with those near the horizon, so Kepler “went
off at a tangent” and tried a totally new set
of ideas, which all reduced to the absurdity of a
refraction which vanished at the horizon. These
were followed by another set, involving either a constant
amount of refraction or one becoming infinite.
He then came to the conclusion that these geometrical
methods must fail because the refracted image is not
real, and determined to try by analogy only, comparing
the equally unreal image formed by a mirror with that
formed by refraction in water. He noticed how
the bottom of a vessel containing water appears to
rise more and more away from the vertical, and at
once jumped to the analogy of a concave mirror, which
magnifies the image, while a convex mirror was likened
to a rarer medium. This line of attack also failed
him, as did various attempts to find relations between
his measurements of refraction and conic sections,
and he broke off suddenly with a diatribe against
Tycho’s critics, whom he likened to blind men
disputing about colours. Not many years later
Snell discovered the true law of refraction, but Kepler’s
contribution to the subject, though he failed to discover
the actual law, includes several of the adopted “by-laws”.
He noted that atmospheric refraction would alter with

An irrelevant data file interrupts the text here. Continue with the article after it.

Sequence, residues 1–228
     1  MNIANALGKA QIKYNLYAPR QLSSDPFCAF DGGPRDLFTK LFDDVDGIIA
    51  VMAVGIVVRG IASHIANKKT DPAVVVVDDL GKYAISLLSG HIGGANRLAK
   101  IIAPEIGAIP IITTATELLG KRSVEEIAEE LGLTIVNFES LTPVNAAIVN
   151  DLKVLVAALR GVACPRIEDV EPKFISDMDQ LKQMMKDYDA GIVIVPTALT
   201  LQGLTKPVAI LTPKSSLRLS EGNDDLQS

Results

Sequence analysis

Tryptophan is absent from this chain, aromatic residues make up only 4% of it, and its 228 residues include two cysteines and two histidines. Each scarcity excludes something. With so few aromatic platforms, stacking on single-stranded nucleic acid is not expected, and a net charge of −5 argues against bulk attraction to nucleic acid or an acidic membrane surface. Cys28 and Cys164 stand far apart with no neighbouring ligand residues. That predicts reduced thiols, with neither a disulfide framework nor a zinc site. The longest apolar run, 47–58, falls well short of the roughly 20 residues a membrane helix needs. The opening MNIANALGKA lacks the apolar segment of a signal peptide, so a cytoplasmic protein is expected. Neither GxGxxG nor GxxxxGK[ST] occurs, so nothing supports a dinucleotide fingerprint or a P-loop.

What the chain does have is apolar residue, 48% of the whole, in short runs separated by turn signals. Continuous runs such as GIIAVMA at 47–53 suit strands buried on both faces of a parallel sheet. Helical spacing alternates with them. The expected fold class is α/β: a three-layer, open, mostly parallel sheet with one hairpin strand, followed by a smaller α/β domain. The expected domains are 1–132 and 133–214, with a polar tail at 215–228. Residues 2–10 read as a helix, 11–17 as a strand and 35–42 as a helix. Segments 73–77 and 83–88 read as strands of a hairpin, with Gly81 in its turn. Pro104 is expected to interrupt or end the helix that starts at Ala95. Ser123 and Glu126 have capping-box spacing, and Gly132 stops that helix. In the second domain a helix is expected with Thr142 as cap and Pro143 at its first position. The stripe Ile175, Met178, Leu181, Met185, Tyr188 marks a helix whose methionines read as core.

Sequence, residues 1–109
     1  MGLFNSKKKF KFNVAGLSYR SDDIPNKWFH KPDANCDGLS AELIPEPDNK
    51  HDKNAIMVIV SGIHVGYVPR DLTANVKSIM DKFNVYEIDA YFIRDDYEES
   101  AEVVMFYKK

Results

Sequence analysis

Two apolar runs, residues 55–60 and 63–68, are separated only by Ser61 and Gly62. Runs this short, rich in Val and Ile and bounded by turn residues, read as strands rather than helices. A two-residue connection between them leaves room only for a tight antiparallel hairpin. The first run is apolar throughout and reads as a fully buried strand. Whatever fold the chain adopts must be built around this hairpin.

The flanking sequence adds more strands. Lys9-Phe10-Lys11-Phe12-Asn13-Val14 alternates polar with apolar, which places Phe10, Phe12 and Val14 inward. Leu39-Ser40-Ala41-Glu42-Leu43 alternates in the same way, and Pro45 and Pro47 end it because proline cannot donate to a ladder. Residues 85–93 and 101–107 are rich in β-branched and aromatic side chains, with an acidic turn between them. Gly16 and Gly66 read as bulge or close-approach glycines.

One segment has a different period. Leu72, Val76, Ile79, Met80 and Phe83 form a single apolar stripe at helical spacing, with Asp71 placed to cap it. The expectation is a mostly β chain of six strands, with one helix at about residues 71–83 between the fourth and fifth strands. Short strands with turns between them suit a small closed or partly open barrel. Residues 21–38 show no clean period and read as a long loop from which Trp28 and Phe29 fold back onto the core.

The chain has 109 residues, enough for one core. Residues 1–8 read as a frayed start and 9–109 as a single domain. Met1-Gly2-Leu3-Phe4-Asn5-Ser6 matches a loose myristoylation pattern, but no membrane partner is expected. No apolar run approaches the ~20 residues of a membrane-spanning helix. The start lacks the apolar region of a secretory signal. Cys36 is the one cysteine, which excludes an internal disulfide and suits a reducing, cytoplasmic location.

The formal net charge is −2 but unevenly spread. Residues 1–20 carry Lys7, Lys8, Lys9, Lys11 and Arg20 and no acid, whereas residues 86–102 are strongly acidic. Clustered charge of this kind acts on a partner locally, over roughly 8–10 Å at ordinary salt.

the height of the atmosphere and with temperature,
and also recognised the fact that rainbow colours
depend on the angle of refraction, whether seen in
the rainbow itself, or in dew, glass, water, or any
similar medium. He thus came near to anticipating
Newton. Before leaving the subject of Kepler’s
optics it will be well to recall that a few years later
after hearing of Galileo’s telescope, Kepler
suggested that for astronomical purposes two convex
lenses should be used, so that there should be a real
image where measuring wires could be placed for reference.
He did not carry out the idea himself, and it was
left to the Englishman Gascoigne to produce the first
instrument on this “Keplerian” principle,
universally known as the Astronomical Telescope.
In 1606 came a second treatise on the new star, discussing
various theories to account for its appearance, and
refusing to accept the notion that it was a “fortuitous
concourse of atoms”. This was followed
in 1607 by a treatise on comets, suggested by the comet
appearing that year, known as Halley’s comet
after its next return. He regarded comets as
“planets” moving in straight lines, never
having examined sufficient observations of any comet
to convince himself that their paths are curved.
If he had not assumed that they were external to the
system and so could not be expected to return, he
might have anticipated Halley’s discovery.
Another suggestive remark of his was to the effect
that the planets must be self-luminous, as otherwise
Mercury and Venus, at any rate, ought to show phases.
This was put to the test not long afterwards by means
of Galileo’s telescope.